Several weeks ago, I had the opportunity to document a day in the life of a man making a huge difference in his community. The assignment, for NPR, was on Omar Shekhey, an immigrant from Somali, who moved to Atlanta in the early 1980s to pursue an engineering degree at Georgia Tech. But Shekhey abandoned that dream and now devotes his entire life to helping Somali refugees in Clarkston, a suburb of Atlanta. Most of his day is spent at the Somali American Community Center, which he founded to help refugees with a variety of tasks, such as navigating governmental bureaucracies or how to find jobs. In the afternoon, he runs an after school program at a nearby church that helps Somali children with schoolwork and gives them a sense of community. He finishes the day driving a taxi, the same taxi he often uses to pick up children for the after school program. He hasn’t had a day off in years.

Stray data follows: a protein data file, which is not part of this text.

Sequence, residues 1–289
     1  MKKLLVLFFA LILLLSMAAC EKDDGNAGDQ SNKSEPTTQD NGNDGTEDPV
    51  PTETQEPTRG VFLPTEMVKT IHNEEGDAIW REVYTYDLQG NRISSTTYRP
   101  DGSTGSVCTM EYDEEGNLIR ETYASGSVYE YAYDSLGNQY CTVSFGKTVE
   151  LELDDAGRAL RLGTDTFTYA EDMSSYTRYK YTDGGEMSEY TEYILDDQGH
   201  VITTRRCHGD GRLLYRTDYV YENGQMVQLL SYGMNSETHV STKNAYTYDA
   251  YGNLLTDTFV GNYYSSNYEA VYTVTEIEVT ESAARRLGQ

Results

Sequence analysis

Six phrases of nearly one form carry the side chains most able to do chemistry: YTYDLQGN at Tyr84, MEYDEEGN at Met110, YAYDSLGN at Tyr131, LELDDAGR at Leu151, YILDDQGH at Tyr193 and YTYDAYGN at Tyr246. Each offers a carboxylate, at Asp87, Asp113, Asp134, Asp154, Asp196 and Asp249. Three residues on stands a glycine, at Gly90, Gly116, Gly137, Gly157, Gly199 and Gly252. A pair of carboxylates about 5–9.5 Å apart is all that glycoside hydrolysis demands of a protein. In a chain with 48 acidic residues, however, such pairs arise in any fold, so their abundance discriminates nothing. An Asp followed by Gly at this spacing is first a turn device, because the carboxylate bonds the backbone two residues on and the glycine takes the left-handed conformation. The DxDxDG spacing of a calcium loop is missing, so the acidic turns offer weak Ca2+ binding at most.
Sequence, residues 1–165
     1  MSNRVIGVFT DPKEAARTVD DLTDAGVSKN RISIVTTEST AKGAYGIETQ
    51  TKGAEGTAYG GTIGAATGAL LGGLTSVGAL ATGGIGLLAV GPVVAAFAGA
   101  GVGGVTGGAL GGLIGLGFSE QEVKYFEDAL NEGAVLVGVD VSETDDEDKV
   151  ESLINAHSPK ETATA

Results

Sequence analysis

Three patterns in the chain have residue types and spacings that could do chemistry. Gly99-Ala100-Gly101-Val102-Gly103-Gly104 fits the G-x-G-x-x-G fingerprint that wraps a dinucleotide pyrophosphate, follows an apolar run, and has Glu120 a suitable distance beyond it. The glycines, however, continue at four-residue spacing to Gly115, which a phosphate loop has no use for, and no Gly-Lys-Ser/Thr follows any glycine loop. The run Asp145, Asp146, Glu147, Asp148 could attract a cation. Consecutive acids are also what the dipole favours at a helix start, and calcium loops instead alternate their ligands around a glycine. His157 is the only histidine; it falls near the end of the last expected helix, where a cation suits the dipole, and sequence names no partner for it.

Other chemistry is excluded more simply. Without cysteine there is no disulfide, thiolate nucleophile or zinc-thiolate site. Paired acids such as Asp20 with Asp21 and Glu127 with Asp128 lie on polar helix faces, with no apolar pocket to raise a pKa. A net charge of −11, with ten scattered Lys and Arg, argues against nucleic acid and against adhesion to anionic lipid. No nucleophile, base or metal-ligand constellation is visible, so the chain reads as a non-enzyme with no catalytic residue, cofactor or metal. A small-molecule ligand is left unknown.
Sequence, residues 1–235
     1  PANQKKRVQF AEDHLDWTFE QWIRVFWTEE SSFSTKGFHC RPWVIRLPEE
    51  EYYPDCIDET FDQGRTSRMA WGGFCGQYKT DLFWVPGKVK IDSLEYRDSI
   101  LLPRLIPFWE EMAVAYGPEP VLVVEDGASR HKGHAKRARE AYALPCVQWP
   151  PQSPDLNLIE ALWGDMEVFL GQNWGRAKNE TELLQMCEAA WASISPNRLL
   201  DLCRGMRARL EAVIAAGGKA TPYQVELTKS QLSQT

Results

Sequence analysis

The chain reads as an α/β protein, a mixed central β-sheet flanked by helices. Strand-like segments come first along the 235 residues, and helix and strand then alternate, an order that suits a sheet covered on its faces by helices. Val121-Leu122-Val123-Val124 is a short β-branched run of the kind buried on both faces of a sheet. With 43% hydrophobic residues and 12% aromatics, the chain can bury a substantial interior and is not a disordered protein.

I worked at several newspapers around Georgia during my short-lived (6-year) newspaper career. I started out as reporter (I miss AP style, too) for The Moultrie Observer in 2001 and was working as a staff photographer for the Griffin Daily News when I left the industry in 2007. I quit so that I could return to school and finish my bachelor’s degree. My intentions were to re-enter the newspaper world, hopefully a few rungs up the ladder, once I had degree in hand (I had already been turned down one job because I didn’t).